A dermatofibroma is a common overgrowth of the fibrous tissue situated in the dermis (the deeper of the two main layers of the skin). It is quite harmless and will not turn into a cancer. Another name for dermatofibroma is histiocytoma.
This is not clear. However they often seem to come up after a minor injury to the skin such as a prick from a thorn or an insect bite.
Dermatofibromas is not hereditary.
Usually the only problem is with how they look. Occasionally they itch or hurt when touched or knocked. If they are on the legs, shaving the skin over them can cause bleeding.
Dermatofibromas look like
- They are firm bumps that feel like small rubbery buttons lying just under the surface of the skin. They are seldom more than 1 cm. Their colour ranges from pink to brown.
- They can crop up anywhere, but are most common on the lower legs of young or middle-aged adults and on the upper arms of women.
- Most people with a dermatofibroma will have only one; some people will have several; but it is very unusual to have large numbers of them. Women get them more often than men.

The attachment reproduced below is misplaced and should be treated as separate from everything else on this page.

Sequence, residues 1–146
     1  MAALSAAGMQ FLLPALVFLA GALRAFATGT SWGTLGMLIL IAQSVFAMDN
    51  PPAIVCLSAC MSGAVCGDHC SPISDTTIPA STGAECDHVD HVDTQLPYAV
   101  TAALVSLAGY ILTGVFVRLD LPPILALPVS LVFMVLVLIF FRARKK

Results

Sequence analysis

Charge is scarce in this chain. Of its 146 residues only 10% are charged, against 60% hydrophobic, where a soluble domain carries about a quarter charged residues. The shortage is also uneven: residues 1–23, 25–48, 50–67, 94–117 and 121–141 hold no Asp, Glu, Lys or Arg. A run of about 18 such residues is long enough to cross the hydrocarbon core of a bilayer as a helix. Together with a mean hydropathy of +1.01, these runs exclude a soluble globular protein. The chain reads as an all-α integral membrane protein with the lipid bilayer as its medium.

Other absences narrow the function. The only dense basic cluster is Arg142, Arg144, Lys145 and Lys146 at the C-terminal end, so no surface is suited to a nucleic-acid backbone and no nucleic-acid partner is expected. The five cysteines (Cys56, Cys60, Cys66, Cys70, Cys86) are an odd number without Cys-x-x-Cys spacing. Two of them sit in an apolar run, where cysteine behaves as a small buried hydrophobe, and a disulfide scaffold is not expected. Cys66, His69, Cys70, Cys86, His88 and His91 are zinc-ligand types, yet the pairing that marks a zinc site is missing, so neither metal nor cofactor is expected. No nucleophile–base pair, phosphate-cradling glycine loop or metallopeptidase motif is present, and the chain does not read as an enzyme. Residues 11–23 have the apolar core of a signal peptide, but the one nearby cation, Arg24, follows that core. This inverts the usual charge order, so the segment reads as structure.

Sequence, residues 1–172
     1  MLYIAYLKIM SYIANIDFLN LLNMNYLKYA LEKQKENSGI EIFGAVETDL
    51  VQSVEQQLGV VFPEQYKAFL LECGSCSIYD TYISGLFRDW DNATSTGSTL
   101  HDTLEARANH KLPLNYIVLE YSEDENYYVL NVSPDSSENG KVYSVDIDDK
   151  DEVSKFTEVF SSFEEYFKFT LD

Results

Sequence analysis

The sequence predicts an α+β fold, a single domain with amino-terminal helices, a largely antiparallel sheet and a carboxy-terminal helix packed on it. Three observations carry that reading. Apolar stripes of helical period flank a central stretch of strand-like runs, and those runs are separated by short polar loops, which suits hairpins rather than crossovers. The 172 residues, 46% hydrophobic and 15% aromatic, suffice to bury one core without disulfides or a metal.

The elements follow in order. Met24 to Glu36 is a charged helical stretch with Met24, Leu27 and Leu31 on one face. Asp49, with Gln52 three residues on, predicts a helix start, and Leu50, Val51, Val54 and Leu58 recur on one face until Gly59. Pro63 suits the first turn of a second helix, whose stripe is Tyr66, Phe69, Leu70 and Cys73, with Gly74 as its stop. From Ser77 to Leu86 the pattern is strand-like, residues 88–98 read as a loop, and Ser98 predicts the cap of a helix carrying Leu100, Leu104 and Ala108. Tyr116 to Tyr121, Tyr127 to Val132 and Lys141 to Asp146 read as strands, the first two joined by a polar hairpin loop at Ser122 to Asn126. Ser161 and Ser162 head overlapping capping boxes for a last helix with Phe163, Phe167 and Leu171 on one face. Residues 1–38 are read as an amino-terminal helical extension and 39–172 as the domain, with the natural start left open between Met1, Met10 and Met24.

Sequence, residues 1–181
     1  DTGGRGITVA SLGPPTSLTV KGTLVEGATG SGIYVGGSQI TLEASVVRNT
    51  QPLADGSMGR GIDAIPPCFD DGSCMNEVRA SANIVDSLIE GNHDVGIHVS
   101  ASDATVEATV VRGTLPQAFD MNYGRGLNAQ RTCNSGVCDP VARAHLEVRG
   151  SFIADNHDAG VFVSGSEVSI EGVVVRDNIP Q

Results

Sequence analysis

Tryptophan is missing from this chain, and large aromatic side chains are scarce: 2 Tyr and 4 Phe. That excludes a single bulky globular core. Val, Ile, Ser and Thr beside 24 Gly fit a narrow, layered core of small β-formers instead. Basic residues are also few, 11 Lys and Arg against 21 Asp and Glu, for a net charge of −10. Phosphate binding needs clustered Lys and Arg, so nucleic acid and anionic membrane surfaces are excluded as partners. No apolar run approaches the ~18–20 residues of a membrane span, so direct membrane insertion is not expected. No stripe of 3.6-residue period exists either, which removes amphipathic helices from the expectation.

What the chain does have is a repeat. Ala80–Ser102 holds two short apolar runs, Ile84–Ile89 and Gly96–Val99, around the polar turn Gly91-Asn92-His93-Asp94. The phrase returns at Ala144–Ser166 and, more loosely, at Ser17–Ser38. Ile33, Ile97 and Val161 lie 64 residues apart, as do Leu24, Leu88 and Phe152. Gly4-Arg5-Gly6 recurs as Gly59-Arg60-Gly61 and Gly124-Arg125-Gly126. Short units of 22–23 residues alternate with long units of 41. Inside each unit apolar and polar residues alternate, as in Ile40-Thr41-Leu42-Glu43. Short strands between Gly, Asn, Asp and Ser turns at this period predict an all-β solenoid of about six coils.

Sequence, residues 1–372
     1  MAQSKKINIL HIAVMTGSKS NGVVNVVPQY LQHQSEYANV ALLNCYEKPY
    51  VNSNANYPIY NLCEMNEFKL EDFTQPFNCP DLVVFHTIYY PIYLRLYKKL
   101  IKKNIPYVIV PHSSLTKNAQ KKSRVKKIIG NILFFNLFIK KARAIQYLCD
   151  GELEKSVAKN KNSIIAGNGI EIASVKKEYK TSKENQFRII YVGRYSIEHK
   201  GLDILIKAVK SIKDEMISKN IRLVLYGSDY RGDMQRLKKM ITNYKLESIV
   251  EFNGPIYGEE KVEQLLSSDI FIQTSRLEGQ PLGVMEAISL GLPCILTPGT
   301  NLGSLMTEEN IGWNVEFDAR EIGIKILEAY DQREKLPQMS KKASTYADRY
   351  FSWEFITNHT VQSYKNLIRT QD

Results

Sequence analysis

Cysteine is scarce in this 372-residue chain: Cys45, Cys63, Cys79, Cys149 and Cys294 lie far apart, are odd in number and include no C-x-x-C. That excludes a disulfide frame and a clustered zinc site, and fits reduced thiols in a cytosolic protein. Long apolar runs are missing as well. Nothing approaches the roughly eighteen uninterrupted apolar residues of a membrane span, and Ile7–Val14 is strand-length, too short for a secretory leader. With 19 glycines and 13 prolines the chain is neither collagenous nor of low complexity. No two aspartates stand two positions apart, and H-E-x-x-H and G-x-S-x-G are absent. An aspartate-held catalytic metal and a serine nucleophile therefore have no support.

A doctor can usually identify a dermatofibroma easily by the way it looks. However, if there is doubt about the diagnosis, or worries over the possibility of skin cancer, the bump can be removed under a local anaesthetic and looked at under the microscope.
Diagnosing can be cured by removal under local anesthetic.
Dermatofibromas do not go away by themselves. However, as they are harmless and cause little trouble, no treatment is usually needed apart from an accurate diagnosis and reassurance.
Under a local anesthetic will always leave a scar, which may be as obvious as the original lump. Removal may be worthwhile if:
- The dermatofibroma is unsightly and you are prepared to swap it for a scar.
- It is a nuisance and causing symptoms such as itching or pain – though these symptoms may settle with time. There are any doubts about the diagnosis.
What you can do
Anyone who develops a new lump in their skin, particularly if it is pigmented, should ask their doctor to have a look at it.